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Indian History

Indian History – Important events History of India . An overview : The people of India have had a continuous civilization since 2500 B. C. , when the inhabitants of the Indus River valley developed an urban culture based on commerce and sustained by agricultural trade. This civilization declined around 1500 B. C. , probably due to ecological changes. During the second millennium B. C. , pastoral, Aryan-speaking tribes migrated from the northwest into the subcontinent. As they settled in the middle Ganges River valley, they adapted to antecedent cultures.

The political map of ancient and medieval India was made up of myriad kingdoms with fluctuating boundaries. In the 4th and 5th centuries A. D. , northern India was unified under the Gupta Dynasty. During this period, known as India’s Golden Age, Hindu culture and political administration reached new heights. Islam spread across the Indian subcontinent over a period of 500 years. In the 10th and 11th centuries, Turks and Afghans invaded India and established sultanates in Delhi. In the early 16th century, descendants of Genghis Khan swept across the Khyber Pass and established the Mughal (Mogul) Dynasty, which lasted for 200 years.

From the 11th to the 15th centuries, southern India was dominated by Hindu Chola and Vijayanagar Dynasties. During this time, the two systems–the prevailing Hindu and Muslim–mingled, leaving lasting cultural influences on each other. The first British outpost in South Asia was established in 1619 at Surat on the northwestern coast. Later in the century, the East India Company opened permanent trading stations at Madras, Bombay, and Calcutta, each under the protection of native rulers. [pic][pic][pic|The British expanded their influence from these footholds until, by the 1850s, they controlled most of present-day | |] |India, Pakistan, and Bangladesh. In 1857, a rebellion in north India led by mutinous Indian soldiers caused the | | |British Parliament to transfer all political power from the East India Company to the Crown. Great Britain began | | |administering most of India directly while controlling the rest through treaties with local rulers. | |In the late 1800s, the first steps were taken toward self-government in British India with the appointment of | | |Indian councilors to advise the British viceroy and the establishment of provincial councils with Indian members; | | |the British subsequently widened participation in legislative councils. Beginning in 1920, Indian leader Mohandas | | |K. Gandhi transformed the Indian National Congress political party into a mass movement to campaign against British| | |colonial rule.

The party used both parliamentary and nonviolent resistance and non-cooperation to achieve | | |independence. | On August 15, 1947, India became a dominion within the Commonwealth, with Jawaharlal Nehru as Prime Minister. Enmity between Hindus and Muslims led the British to partition British India, creating East and West Pakistan, where there were Muslim majorities. India became a republic within the Commonwealth after promulgating its constitution on January 26, 1950.

After independence, the Congress Party, the party of Mahatma Gandhi and Jawaharlal Nehru, ruled India under the influence first of Nehru and then his daughter and grandson, with the exception of two brief periods in the 1970s and 1980s. Prime Minister Nehru governed India until his death in 1964. He was succeeded by Lal Bahadur Shastri, who also died in office. In 1966, power passed to Nehru’s daughter, Indira Gandhi, Prime Minister from 1966 to 1977. In 1975, beset with deepening political and economic problems, Mrs. Gandhi declared a state of emergency and suspended many civil liberties.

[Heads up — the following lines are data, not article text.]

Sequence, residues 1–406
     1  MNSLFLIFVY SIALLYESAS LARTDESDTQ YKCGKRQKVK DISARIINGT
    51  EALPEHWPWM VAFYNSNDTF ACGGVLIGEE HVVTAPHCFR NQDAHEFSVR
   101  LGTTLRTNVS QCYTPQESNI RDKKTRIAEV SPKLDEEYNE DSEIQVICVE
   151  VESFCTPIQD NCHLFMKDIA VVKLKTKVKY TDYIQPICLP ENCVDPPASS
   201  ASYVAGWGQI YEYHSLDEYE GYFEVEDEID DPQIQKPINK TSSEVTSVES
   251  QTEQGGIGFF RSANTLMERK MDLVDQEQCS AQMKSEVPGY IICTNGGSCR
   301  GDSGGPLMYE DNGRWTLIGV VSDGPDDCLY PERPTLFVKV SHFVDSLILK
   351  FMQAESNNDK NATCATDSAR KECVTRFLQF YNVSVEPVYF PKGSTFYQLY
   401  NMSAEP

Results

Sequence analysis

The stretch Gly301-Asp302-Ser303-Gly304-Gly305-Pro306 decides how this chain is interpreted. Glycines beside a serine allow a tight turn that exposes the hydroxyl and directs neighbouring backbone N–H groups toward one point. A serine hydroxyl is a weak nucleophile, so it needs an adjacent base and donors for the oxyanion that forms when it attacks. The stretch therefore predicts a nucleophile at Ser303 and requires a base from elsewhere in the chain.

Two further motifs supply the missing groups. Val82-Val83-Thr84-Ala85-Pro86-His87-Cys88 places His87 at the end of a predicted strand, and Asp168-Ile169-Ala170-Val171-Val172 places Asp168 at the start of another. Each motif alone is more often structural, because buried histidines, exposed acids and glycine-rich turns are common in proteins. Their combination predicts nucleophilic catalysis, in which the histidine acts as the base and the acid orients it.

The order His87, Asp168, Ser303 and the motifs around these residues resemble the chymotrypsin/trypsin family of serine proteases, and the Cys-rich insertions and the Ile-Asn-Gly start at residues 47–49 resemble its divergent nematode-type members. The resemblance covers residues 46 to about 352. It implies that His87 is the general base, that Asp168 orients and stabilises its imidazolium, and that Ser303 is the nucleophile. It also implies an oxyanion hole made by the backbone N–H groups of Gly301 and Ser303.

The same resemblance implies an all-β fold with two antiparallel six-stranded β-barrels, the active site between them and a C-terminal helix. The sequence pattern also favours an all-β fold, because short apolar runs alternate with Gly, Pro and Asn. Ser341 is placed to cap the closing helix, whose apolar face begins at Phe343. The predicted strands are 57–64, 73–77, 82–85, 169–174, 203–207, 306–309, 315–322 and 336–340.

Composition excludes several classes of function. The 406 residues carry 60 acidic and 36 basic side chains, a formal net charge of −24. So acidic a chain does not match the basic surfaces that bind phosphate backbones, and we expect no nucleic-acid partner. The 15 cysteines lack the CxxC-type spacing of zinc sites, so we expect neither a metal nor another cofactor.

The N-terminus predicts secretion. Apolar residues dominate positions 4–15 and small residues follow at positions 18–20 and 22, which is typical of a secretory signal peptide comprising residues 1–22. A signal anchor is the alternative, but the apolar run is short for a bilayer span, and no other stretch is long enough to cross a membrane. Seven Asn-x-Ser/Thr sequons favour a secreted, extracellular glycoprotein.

Seeking a mandate at the polls for her policies, she called for elections in 1977, only to be defeated by Moraji Desai, who headed the Janata Party, an amalgam of five opposition parties. In 1979, Desai’s Government crumbled. Charan Singh formed an interim government, which was followed by Mrs. Gandhi’s return to power in January 1980. On October 31, 1984, Mrs. Gandhi was assassinated, and her son, Rajiv, was chosen by the Congress (I)–for “Indira”–Party to take her place. His government was brought down in 1989 by allegations of corruption and was followed by V. P.

Singh and then Chandra Shekhar. In the 1989 elections, although Rajiv Gandhi and Congress won more seats in the 1989 elections than any other single party, he was unable to form a government with a clear majority. The Janata Dal, a union of opposition parties, was able to form a government with the help of the Hindu-nationalist Bharatiya Janata Party (BJP) on the right and the communists on the left. This loose coalition collapsed in November 1990, and the government was controlled for a short period by a breakaway Janata Dal group supported by Congress (I), with Chandra Shekhar as Prime Minister.

That alliance also collapsed, resulting in national elections in June 1991. On May 27, 1991, while campaigning in Tamil Nadu on behalf of Congress (I), Rajiv Gandhi was assassinated, apparently by Tamil extremists from Sri Lanka. In the elections, Congress (I) won 213 parliamentary seats and put together a coalition, returning to power under the leadership of P. V. Narasimha Rao. This Congress-led government, which served a full 5-year term, initiated a gradual process of economic liberalization and reform, which has opened the Indian economy to global trade and investment.

India’s domestic politics also took new shape, as traditional alignments by caste, creed, and ethnicity gave way to a plethora of small, regionally based political parties. [pic][pic][pic]The final months of the Rao-led government in the spring of 1996 were marred by several major political corruption scandals, which contributed to the worst electoral performance by the Congress Party in its history. The Hindu-nationalist Bharatiya Janata Party (BJP) emerged from the May 1996 national elections as the single-largest party in the Lok Sabha but without enough strength to prove a majority on the floor of that Parliament.